Insight into a Destroyed Synagoge in Linz

Kurier, November 13, 2016

German original:

A visualization at the Ars Electronica Center in Linz (AEC) enables the tour of the building that was burned down in 1938.

The location where a small, unobtrusive building has been standing since 1968 looked a lot different some 80 years ago. In 1938, at Bethlehemstrasse 26 in the center of Linz, stood a temple of considerable size, built in neo-classical style. At that time, the Jewish community of Linz counted some 800 members. On November 10, during the “Night of Broken Glass”, the impressive building was set on fire and completely destroyed.

Virtual Tour

So history meets the future when insights into the no longer existing building are made possible. The architecture graduate René Mathe researched the data and facts regarding the destroyed synagogue in Linz in his thesis at the Vienna Technical University (TU Wien) and visualized the entire building inside and out.

His images are on display at Ars Electronica’s Deep Space and enable a virtual tour through the former rooms. “I spent a lot of time in archives in Linz, screening old building plans, photos, aerial photography, and textual descriptions,” Mathe remembers. The cooperation with AEC was realized through his professor at TU; he expects the visualization to have an “effect like standing directly in the synagogue.”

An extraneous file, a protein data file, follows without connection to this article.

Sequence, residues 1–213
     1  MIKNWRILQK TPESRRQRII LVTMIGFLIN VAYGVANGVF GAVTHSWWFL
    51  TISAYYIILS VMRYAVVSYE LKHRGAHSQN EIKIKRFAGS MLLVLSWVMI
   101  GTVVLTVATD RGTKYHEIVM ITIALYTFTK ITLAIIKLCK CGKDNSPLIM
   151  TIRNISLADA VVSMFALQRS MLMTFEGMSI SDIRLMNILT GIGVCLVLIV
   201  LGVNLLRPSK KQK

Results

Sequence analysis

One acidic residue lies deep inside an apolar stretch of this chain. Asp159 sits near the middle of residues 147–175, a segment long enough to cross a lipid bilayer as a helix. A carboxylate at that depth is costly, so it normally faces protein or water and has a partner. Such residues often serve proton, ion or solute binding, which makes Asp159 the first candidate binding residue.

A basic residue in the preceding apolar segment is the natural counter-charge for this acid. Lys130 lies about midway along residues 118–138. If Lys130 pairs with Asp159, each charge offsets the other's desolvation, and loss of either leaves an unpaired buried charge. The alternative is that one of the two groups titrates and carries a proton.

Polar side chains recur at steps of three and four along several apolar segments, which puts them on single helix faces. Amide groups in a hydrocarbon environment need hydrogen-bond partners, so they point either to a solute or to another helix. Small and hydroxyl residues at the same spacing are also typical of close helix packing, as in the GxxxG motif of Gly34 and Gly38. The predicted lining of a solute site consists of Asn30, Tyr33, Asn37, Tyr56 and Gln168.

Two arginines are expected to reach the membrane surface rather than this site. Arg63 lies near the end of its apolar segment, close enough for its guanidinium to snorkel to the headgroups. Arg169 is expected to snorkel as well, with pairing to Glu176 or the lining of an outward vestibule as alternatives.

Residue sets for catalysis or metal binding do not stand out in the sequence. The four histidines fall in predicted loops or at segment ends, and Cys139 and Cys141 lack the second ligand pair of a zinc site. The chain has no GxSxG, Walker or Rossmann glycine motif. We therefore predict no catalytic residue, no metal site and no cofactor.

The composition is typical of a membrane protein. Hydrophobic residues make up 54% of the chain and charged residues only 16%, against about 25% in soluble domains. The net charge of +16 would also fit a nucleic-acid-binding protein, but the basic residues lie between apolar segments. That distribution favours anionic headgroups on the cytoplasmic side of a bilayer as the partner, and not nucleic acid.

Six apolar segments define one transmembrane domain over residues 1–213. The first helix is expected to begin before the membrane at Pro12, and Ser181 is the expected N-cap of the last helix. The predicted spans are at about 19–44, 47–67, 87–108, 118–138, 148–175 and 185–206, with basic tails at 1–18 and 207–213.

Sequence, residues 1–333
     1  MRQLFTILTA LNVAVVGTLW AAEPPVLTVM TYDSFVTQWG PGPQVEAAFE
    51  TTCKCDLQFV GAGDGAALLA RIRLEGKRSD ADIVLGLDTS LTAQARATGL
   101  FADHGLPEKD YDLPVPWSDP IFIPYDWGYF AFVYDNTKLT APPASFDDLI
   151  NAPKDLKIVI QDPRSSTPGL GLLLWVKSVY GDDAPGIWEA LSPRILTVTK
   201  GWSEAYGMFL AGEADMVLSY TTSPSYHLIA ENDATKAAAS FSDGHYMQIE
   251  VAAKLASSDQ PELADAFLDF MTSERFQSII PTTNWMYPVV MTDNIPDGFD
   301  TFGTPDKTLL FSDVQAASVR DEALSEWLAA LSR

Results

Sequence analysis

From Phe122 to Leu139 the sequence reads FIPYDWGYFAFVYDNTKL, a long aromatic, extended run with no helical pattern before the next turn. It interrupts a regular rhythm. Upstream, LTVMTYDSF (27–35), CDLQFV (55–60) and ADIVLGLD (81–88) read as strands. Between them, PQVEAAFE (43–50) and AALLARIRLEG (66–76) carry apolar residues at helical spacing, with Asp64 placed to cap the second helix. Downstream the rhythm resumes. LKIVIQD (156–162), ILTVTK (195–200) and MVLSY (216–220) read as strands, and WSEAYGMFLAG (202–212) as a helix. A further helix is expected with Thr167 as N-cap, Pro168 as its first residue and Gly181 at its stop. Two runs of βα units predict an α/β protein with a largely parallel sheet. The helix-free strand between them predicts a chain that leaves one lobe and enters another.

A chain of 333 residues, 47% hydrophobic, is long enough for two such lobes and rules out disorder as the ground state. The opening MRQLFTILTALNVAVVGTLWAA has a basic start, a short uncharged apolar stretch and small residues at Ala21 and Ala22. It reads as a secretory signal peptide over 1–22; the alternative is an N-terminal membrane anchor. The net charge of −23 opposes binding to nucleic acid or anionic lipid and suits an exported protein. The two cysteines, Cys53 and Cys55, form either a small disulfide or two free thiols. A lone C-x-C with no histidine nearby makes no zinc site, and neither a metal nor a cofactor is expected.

The foundation for the virtual reconstruction of destroyed synagogues in Europe was already laid in Darmstadt in 1995. In 1998, the Vienna Technical University adopted this thought and in the meantime, a substantial number of buildings have been reconstructed virtually. Thus, at least a small part of this lost cultural heritage can be brought to life again.

The synagogue in Linz was constructed in 1877 in neo-roman style under the direction of the Oberösterreichische Baugesellschaft (Construction Company of Upper Austria). The synagogue in Kassel served as an architectural model. The goal was to mirror the social standing of Jews in the architecture of the building.

The reconstruction of the Linz synagogue is complemented by photographs of a Thora curtain, a marriage certificate, a Thora pointer, and a Thora breastplate – all exhibits from the Jewish Museum Vienna, recorded by the renowned photographer Lois Lammerhuber.

This also explains the side trip by Danielle Spera, former ZIB (Austrian prime time TV news) anchor and today director of the Jewish Museum Vienna: “I will enjoy speaking about the Jewish Community in Linz, the synagogue and the objects we present at Deep Space. My personal connection to the Jewish Community Linz is our friendship with the family of George Wozasek, the longtime president of the Jewish Community in Linz, who unfortunately passed away recently; the exchanges of ideas with him were very valuable for me personally. This project is important to me, because it affords the possibility to introduce many young people who visit Deep Space to the history and the fate of Linz’ Jewry – including information about the loss the Shoa has caused.